So what to do? Most obviously, the cheap political trick of lowering housing costs needs to end, as the real cost is merely transformed into opaque risks which the average consumer is unable to manage. The process of enabling free rents for new-builds during a defined period is clearly a step in the right direction. However, the period needs to be extended towards infinity, and the existing stock also needs to be moved towards market-rents, else we get a two-tiered market. This would be hugely controversial politically due to the strength of rental-associations, and the long history of the system, but could be phased in over a period of, say, 50 years to ease the blow. The government should focus on the construction of affordable housing in order to help lower income households. Simultaneously, with the increased availability of rentals with market pricing the regulators need to alter mortgage regulations towards the international model of fixed-duration loans where buying a property actually means buying a property.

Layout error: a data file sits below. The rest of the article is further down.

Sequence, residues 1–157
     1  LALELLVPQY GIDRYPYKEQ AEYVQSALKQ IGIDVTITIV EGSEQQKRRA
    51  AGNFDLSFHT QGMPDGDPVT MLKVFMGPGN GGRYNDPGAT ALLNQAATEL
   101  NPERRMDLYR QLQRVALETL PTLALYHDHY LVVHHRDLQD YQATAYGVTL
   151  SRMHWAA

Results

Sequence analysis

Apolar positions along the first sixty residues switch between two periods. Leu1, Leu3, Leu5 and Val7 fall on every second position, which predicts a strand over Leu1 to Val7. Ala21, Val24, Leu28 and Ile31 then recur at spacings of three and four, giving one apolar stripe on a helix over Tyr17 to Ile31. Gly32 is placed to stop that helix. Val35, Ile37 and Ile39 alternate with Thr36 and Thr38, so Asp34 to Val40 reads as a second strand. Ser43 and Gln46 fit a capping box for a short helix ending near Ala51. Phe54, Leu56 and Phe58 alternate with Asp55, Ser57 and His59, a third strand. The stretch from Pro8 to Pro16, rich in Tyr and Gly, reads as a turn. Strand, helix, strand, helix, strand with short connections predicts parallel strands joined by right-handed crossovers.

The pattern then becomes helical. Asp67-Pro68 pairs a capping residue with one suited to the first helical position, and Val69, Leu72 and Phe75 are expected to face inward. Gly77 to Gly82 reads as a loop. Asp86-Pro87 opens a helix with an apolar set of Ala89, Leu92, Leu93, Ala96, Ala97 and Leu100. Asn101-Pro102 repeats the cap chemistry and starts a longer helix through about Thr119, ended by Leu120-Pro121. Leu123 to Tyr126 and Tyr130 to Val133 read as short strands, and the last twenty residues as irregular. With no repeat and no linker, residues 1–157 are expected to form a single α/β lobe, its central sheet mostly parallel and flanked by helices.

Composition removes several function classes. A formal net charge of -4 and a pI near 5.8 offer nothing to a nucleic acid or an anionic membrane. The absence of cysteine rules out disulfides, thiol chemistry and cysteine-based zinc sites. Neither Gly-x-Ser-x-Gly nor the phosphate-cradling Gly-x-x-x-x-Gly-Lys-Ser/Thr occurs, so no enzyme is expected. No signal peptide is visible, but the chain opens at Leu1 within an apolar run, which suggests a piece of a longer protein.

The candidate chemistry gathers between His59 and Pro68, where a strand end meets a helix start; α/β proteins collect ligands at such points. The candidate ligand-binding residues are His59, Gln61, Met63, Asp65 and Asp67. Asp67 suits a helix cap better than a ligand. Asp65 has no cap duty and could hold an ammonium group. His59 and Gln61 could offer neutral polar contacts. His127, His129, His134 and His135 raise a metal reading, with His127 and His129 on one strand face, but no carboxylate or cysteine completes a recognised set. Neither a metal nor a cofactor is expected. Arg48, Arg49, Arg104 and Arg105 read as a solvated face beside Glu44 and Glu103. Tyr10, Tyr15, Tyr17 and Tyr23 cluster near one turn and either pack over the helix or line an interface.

Of course, this is wishful thinking and we are merely describing the “ideal” for readers (and hopefully policymakers!) to understand the choice in the continuum of outcomes between the status quo and this ideal. And it also allows us to understand the regulatory choice in terms of two, closely related, paths to the end goal. A less restricted rental market is directly related to tighter restriction of mortgage duration (i.e. more amortization). As we are moving towards the first goal (by allowing market rates for new rentals in the first step) we also need to move towards the second goal (by enforcing stricter amortization requirements) in order to prevent dislocation.